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Just when western oil majors started resuming investments in Iran’s oil and gas after the lifting of the sanctions, the election victory of Donald Trump – who has spoken against the nuclear deal that led to lifting of said sanctions – may make international oil companies rethink their enthusiasm in bidding in Iran’s new oil and gas contract tenders.
Last month, Iran invited international E&P companies to start pre-qualifying for bidding under the new petroleum contract models approved in September.
But in March of this year, Trump said in a speech addressing the American Israel Public Affairs Committee:
“My number-one priority is to dismantle the disastrous deal with Iran.”
Even if Trump were to try to keep this ‘number-one’ priority, the Joint Comprehensive Plan of Action (JCPOA) is a deal between Iran and several world superpowers, including the U.S., but also the UK, China, France, Germany, and Russia—and dismantling it would require a force larger than Trump alone.
In a statement following Trump’s victory, Iran’s President Hassan Rouhani said, as quoted by state news agency IRNA:
“Iran exercised vigilance to settle the nuclear dispute and got approval of the UN Security Council revoking the sanctions, so that the US government cannot change the situation.”
Related: Post-Election Oil Prices: Can We Expect A Plunge?
Regardless of what Trump could or could not do, or try to do, analysts reckon that his coming to office alone might make international oil companies shy away from investing in Iran’s oil and gas field development. The Trump presidency may also put a kink in Iran’s plans as it attempts to ramp up its crude oil production to pre-sanction levels.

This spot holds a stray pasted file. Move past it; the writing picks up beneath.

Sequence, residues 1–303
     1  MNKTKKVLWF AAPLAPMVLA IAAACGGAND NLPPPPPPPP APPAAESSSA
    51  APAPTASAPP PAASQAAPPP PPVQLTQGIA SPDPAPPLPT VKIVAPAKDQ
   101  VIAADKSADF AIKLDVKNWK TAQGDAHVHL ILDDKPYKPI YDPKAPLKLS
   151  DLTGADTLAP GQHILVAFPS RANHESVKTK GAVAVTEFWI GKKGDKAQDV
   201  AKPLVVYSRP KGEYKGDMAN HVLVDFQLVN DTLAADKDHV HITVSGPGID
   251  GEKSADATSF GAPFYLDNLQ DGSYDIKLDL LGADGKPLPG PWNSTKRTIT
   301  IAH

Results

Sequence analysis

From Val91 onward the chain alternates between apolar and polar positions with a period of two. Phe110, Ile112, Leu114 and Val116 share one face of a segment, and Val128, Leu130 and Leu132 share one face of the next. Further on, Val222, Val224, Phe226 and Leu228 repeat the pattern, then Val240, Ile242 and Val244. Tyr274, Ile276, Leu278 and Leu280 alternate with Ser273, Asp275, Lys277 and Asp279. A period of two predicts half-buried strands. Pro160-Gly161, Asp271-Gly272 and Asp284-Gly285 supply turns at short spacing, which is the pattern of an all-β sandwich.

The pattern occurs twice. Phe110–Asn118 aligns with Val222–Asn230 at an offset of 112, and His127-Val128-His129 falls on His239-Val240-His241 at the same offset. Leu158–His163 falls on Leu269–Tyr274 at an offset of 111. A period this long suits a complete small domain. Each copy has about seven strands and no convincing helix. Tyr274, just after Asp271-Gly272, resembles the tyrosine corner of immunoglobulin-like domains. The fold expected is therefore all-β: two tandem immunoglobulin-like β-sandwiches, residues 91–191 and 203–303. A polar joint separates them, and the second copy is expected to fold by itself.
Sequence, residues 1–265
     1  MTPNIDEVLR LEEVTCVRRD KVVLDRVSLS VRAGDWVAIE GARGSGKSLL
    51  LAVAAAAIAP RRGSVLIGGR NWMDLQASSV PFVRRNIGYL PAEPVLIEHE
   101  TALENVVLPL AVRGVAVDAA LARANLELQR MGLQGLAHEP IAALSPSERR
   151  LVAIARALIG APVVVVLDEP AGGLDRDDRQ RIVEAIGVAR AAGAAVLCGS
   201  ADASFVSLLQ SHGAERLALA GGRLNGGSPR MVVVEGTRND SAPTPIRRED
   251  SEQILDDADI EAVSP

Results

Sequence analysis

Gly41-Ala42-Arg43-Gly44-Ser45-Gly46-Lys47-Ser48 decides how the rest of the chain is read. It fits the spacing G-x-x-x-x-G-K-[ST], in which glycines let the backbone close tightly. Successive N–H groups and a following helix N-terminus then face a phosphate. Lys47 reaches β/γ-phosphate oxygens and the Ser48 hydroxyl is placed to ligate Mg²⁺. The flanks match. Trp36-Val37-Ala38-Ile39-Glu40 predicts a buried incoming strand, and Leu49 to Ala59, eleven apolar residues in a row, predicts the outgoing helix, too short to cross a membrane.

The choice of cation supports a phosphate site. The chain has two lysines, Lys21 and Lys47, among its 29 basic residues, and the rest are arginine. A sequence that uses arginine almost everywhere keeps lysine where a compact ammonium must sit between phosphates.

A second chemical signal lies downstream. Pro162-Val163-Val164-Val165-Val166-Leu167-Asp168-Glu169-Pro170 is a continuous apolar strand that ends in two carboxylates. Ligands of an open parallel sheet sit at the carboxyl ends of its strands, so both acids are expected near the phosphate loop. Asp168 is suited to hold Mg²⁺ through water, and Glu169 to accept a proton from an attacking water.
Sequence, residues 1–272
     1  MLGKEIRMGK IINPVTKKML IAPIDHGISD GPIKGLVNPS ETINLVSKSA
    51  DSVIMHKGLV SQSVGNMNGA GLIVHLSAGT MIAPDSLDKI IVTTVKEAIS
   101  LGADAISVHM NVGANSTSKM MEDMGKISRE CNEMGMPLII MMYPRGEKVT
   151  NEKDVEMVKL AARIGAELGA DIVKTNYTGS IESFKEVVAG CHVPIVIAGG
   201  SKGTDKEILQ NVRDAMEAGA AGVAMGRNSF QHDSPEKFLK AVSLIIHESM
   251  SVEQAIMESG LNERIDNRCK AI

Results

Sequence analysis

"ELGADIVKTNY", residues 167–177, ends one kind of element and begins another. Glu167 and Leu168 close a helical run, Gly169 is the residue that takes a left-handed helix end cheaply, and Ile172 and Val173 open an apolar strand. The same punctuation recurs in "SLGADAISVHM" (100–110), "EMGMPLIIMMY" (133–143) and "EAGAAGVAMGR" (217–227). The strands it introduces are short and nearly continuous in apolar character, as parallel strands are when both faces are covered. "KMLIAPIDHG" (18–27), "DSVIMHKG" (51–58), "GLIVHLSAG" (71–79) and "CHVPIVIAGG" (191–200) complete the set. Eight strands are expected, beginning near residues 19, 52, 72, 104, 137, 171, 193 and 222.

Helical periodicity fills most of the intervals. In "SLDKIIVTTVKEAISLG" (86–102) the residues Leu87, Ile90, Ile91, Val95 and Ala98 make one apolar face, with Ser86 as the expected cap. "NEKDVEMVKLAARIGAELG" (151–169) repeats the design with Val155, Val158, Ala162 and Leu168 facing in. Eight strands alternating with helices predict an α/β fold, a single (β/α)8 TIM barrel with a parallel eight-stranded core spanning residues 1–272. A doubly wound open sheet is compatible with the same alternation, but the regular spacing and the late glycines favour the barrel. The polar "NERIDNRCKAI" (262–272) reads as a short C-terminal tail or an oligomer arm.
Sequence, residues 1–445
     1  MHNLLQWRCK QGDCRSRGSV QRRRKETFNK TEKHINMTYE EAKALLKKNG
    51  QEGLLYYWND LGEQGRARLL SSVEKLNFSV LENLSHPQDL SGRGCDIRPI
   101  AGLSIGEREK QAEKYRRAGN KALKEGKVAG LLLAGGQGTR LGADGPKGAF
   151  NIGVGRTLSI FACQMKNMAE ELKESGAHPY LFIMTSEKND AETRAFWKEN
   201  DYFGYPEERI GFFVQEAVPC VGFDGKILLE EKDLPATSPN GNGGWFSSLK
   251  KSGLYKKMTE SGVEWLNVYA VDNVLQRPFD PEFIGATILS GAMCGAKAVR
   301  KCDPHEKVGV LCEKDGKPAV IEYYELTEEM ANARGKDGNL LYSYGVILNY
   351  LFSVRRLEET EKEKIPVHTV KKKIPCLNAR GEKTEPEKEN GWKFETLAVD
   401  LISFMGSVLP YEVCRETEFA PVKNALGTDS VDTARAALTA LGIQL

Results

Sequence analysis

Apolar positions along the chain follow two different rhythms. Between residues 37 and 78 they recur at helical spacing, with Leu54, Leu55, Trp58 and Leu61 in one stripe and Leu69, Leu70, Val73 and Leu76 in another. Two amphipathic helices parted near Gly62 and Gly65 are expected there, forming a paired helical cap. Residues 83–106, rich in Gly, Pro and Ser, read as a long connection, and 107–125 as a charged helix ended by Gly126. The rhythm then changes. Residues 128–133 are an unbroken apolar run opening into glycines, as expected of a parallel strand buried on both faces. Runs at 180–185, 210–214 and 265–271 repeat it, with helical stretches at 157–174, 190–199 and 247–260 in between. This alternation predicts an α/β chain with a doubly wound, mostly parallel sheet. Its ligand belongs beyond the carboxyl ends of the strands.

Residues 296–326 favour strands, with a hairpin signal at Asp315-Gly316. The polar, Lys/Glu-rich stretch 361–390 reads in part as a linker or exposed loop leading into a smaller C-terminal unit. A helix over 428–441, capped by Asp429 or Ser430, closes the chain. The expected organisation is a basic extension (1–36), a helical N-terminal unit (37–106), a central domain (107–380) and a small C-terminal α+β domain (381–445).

Last month, Ali Kardor, the managing director of the National Iranian Oil Company (NIOC), said that Iran’s production has successfully reached the 4-million-bpd mark. The Islamic Republic has been steadily increasing its crude oil output since the sanctions were lifted in January. Now Iran is pleading exemption from production cuts as part of a potential OPEC deal to limit output and has reportedly clashed with Saudi Arabia (again) regarding who of those two regional archrivals would blink first in sacrificing market share and output in a possible OPEC deal.
According to Seeking Alpha, Saudi Arabia might “leverage the uncertainty from the Trump victory to force Iran to agree to an OPEC deal”.
At any rate, Iran’s oil production, contracts and diplomacy will not be facing serene weeks, and possibly months, ahead.
By Tsvetana Paraskova for Oilprice.com
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Tsvetana is a writer for the U.S.-based Divergente LLC consulting firm with over a decade of experience writing for news outlets such as iNVEZZ and…